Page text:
How To Develop A Disaster Recovery Plan?

One of the lessons that we all learned from the year 2020 is that a disaster can strike at any time. Wildfires, blackouts (planned and unplanned), floods, malware attacks, ransomware attacks, system crashes, erroneous data deletions, can result in short-term long-term transitions to a remote work situation. More correctly, they happen in 2020, causing many businesses to realize that the best time to plan for a disaster is before it happens, not during.

If 2020 taught us anything, creating a disaster recovery plan plays a vital role in our organizational health. And leveraging expert Disaster Recovery Services in San Francisco. This will help to ensure your business can get back up and running and keep unproductive downtime to a minimum.

Still not convinced? Consider these stats:

  • 40–60% of small businesses won’t reopen after a data loss
  • The average cost of downtime for small businesses is $8,000 per hour
  • The average cost of downtime for large enterprises is $11,600 per minute
  • Roughly 200,000 U.S. businesses permanently closed as a result of the COVID-19 pandemic

To top it off, insurance claims as a result of a natural disaster, or a pandemic, are not always clear-cut. And the recent influx of disaster-like activity has only exasperated the issue.

So, what should business owners do? Assume that a natural disaster will happen and develop a disaster recovery plan. And keep the following key insights in mind when it comes to your Disaster Recovery Planning.

Develop a Plan

As with most endeavors, the first step is to create a workable plan. You will should carefully construct and Your business’ disaster and business continuity plan and write down for reference and review.

Many companies require to maintain an Emergency Action Plan by OSHA. You can consider this part of that process. Your plan should include policies and procedures regarding employee safety and business continuity. You can activate these contingencies when a facility has damage.

Define Procedures and Assign Roles

Determine the critical staff that should be on-site or on-call during an emergency. It’s important to define who is required to keep your business running. This should be responsible for emergency response tasks. Remember, safety comes first — your plan must focus on keeping your employees out of danger.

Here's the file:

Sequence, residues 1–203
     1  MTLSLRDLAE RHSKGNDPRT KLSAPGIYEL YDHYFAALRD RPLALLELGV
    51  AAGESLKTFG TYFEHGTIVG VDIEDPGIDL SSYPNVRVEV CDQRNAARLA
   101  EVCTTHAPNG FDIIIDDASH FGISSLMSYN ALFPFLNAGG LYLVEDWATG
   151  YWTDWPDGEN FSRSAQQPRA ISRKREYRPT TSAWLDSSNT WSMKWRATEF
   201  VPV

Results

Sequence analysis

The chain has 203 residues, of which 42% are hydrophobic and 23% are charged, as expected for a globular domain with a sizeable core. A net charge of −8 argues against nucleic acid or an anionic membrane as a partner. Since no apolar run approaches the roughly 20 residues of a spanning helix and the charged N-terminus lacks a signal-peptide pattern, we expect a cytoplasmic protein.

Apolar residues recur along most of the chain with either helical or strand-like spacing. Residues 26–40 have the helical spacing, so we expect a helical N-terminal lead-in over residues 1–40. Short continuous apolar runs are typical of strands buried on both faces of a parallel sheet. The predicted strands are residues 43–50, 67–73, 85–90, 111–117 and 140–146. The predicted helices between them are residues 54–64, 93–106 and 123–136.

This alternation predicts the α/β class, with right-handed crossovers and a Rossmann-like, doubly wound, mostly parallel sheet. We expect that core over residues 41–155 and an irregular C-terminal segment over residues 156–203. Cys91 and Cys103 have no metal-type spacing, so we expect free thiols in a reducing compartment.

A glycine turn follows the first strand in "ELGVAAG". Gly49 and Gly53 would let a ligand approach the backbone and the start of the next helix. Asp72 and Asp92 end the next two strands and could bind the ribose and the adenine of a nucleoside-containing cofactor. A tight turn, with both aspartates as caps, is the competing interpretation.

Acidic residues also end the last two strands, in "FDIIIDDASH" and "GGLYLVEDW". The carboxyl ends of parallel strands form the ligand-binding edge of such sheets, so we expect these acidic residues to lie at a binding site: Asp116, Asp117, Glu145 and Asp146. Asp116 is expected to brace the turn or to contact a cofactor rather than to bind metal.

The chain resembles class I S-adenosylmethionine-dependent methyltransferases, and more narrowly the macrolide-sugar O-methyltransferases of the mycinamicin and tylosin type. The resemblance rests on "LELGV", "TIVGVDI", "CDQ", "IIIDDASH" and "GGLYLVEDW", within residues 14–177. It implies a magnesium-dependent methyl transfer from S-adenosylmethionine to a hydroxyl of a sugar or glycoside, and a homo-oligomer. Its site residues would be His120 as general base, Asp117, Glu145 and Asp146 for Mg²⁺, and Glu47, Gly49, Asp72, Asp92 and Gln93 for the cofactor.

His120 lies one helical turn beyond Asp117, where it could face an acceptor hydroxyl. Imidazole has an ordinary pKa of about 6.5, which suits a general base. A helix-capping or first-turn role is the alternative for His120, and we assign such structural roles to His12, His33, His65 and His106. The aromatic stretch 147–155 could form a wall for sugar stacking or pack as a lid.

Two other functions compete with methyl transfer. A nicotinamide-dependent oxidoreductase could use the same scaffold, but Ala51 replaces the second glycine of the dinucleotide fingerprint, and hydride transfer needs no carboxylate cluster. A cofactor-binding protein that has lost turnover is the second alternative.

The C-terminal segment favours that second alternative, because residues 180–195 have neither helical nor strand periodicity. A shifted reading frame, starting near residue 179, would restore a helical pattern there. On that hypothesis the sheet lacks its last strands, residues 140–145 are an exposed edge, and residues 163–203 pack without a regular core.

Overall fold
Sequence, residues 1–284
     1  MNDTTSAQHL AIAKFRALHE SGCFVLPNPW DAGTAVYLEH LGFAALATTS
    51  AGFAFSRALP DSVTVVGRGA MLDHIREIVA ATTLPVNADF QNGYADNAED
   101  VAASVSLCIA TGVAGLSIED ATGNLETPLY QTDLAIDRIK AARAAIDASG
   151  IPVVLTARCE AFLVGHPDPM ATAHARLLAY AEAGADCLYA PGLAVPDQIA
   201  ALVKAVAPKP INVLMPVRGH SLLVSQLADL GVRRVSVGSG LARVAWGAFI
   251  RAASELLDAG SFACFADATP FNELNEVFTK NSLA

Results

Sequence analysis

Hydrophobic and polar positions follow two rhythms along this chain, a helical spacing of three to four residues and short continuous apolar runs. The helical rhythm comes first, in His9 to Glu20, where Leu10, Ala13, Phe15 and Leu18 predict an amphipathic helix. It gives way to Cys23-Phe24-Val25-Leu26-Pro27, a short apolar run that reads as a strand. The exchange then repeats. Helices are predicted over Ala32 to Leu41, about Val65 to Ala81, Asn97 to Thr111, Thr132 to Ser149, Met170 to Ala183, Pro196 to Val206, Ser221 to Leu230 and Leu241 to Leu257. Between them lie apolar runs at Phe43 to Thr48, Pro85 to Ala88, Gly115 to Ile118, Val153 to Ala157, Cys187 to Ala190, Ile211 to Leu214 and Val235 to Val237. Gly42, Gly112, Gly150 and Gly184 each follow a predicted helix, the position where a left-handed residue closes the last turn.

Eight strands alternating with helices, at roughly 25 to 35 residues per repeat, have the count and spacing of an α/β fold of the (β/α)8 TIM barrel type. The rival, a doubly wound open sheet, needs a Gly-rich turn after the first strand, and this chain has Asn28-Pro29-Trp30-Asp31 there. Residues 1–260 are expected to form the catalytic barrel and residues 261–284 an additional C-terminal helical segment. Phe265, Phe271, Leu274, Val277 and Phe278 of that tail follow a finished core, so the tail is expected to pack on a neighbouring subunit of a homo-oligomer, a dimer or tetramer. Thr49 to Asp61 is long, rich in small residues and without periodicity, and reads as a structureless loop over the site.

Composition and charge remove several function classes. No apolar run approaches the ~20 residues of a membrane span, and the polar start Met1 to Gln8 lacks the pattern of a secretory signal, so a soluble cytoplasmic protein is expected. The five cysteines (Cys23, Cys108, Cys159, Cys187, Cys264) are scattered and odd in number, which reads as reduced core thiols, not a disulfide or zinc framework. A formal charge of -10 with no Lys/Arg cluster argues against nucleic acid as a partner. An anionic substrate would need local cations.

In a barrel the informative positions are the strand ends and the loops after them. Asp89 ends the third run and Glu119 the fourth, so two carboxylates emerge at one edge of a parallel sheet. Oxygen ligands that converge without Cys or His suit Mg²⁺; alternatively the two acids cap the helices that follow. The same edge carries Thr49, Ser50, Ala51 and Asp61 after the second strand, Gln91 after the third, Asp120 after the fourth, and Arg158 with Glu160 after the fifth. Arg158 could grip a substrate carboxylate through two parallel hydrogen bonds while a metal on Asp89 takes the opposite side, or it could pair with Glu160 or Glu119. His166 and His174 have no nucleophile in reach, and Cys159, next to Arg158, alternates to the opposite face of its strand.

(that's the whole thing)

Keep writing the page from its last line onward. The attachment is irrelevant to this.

A comprehensive plan includes coordination with others during an emergency. How are nearby businesses going to operate during a fire or earthquake? How will this affect police, fire, and medical response teams? Answer these questions before a disaster hits.

Brief Your Employees

You should not write your disaster recovery and leave it on a shelf. Every employee must be familiarize their self with procedures to handle in any type of emergency. Hold a meeting and review your plan together. The roles assigned, and provide time for you your staff to ask questions.

Review and Update Your Plans Once a Year

Changes in your business or community can affect your disaster plan. Be sure to review it at least once a year. This will allow for any necessary revisions to keep it current and effective.

Technology Supports A Disaster Recovery Plan

There are several technologies available that can help make your disaster recovery planning process smoother — only if you implement them:

  • Cloud Technology: Leveraging cloud technology is efficient, reliable, cost-effective, and supports a remote workforce.
  • Multi-Cloud Technology: A multi-cloud technology approach supports the need for redundancy. This can help businesses meet regulatory compliance requirements for specified data while storing other data elsewhere.
  • Automated Backups: Scheduling your back-ups will ensure your data is back up on a regular basis. And, with up-and-coming trends like artificial intelligence, when you initiate a recovery process, you can prioritize certain data.
  • Remote Security Set-Up: Supporting a remote workforce has and will continue to be, an important component of disaster recovery planning. This will help mitigate risks that could cause major downtime like ransomware or malware attacks.

The Intivix Disaster Recovery Experts Can Help

While developing a disaster recovery plan may seem overwhelming. Creating it is far less difficult when you are not amid the actual disaster! And, as a business, you don’t have to handle everything on your own. Organizations like Intivix employ Disaster Recovery Experts that can help develop the plan with you. Working with an expert that has developed numerous disaster recovery plans means they will bring that knowledge to the table. More knowledge in developing your plan.

Are you looking for more information about the best Disaster Recovery Services in San Francisco? Intivix can keep your business running during and after an emergency. Contact Intivix at (415)-549–9681 or Don’t delay. This is too important to put off.

Intivix offers managed and co-managed IT consulting services that let you stop worrying about problems, and empower you to focus on your business.